Finding the instance reference of an object

George Sakkis george.sakkis at
Wed Nov 5 03:00:35 CET 2008

On Nov 4, 6:02 pm, Joe Strout <j... at> wrote:

> I know you really want Python to be unique and special -- and it is,  
> in many ways, but this isn't one of them.  Python is an OOP language  
> whose variables contain references to objects, and where such  
> references are passed (by value) to methods, just likeJava, and like  
> the default parameter mode in VB.NET, REALbasic, and C++ (though those  
> languages also offer a by-reference mode that Python andJavado not).

To Steve's defense, he doesn't claim that Python is special; in one
reply he also disputed the claim that even Java is call-by-value. Of
course most Java programmers would have a hard time taking this claim
seriously, but at least you both agree that Python and Java have the
same call semantics, you just disagree on the name. Googling for 'java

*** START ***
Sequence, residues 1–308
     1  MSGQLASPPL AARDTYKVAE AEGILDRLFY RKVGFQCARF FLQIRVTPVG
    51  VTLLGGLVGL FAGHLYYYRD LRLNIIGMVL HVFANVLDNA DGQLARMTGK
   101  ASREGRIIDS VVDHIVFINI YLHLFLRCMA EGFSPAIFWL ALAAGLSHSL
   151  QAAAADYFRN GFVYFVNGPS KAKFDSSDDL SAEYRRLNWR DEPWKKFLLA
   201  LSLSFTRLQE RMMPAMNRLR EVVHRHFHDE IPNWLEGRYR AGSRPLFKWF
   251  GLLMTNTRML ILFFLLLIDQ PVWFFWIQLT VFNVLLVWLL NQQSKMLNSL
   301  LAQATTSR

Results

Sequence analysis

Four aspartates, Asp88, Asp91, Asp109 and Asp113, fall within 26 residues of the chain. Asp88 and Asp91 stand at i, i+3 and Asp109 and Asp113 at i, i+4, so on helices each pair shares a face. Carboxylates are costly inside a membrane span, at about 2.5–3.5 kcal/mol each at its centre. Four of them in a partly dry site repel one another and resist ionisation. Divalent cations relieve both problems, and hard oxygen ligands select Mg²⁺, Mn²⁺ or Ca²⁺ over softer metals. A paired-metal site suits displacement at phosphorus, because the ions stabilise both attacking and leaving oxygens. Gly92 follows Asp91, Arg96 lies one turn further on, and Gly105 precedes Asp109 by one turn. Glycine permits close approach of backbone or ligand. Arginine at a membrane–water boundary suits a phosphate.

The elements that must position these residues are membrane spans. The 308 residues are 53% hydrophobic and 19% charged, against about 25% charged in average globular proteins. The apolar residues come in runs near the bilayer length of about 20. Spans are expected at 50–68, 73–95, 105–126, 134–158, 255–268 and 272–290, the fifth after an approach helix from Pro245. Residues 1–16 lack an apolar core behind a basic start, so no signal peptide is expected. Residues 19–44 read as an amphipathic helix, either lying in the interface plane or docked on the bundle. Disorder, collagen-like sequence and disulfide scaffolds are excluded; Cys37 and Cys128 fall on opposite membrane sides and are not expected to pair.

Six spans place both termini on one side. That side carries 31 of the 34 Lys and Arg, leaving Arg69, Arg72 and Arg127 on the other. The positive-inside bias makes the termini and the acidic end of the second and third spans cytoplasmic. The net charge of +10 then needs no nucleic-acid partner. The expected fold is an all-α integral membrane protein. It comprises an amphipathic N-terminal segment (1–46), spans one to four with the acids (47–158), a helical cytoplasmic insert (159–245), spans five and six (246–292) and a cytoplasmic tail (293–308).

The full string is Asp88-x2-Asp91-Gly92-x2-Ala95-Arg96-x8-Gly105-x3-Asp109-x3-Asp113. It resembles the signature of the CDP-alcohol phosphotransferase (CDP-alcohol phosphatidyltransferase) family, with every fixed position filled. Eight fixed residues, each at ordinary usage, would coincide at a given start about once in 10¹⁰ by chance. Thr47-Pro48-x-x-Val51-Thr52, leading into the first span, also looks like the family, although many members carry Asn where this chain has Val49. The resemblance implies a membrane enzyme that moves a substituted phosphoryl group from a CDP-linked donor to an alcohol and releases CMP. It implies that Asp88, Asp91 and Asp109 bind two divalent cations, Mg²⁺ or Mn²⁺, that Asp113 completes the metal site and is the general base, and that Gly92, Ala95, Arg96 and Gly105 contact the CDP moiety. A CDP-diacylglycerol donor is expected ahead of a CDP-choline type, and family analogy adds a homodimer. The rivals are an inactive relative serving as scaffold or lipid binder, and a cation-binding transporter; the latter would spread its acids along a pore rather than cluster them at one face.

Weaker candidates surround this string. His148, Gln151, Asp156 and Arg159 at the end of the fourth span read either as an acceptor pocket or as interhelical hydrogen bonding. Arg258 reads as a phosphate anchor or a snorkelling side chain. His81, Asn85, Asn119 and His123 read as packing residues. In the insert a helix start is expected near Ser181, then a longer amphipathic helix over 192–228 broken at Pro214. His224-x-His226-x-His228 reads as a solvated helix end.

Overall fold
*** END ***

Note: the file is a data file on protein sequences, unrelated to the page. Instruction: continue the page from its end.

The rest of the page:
"call by sharing"' brings back only a few results with almost half of
them being Python-related discussions. Steve is definitely in the
minority but he's not completely alone: from

Like most pure object-oriented languages, Java only supports by "call-
by-sharing". At the implementation level, this is the same as call-by-
value. I.e., the actual parameter value is copied into the formal
parameter before executing the body. At the end of the execution of
the body, the formal parameter just goes away - no copy back occurs. I
prefer to describe it as call-by-sharing because, while you may not
replace the value via an assignment in the method body, you may change
the state of an object value. In particular, if a parameter evaluates
to an object, one can send messages to it which can change its state.

I believe the main source of confusion is wrt C/C++. The following
definition has different semantics in C++ and Java, although they are
both considered call by value:

void foo(Person who) {
        who.zipcode = 12345;

In C++ a Person object itself is copied while in Java (and Python)
only the reference ("handler") is copied. By the way, passing a
(copied) reference is *not* equivalent to call by reference: in the
former case, the assignment of the reference to a different object has
only a local effect, i.e. it is not reflected to the caller's frame,
whine in call by ref it does.


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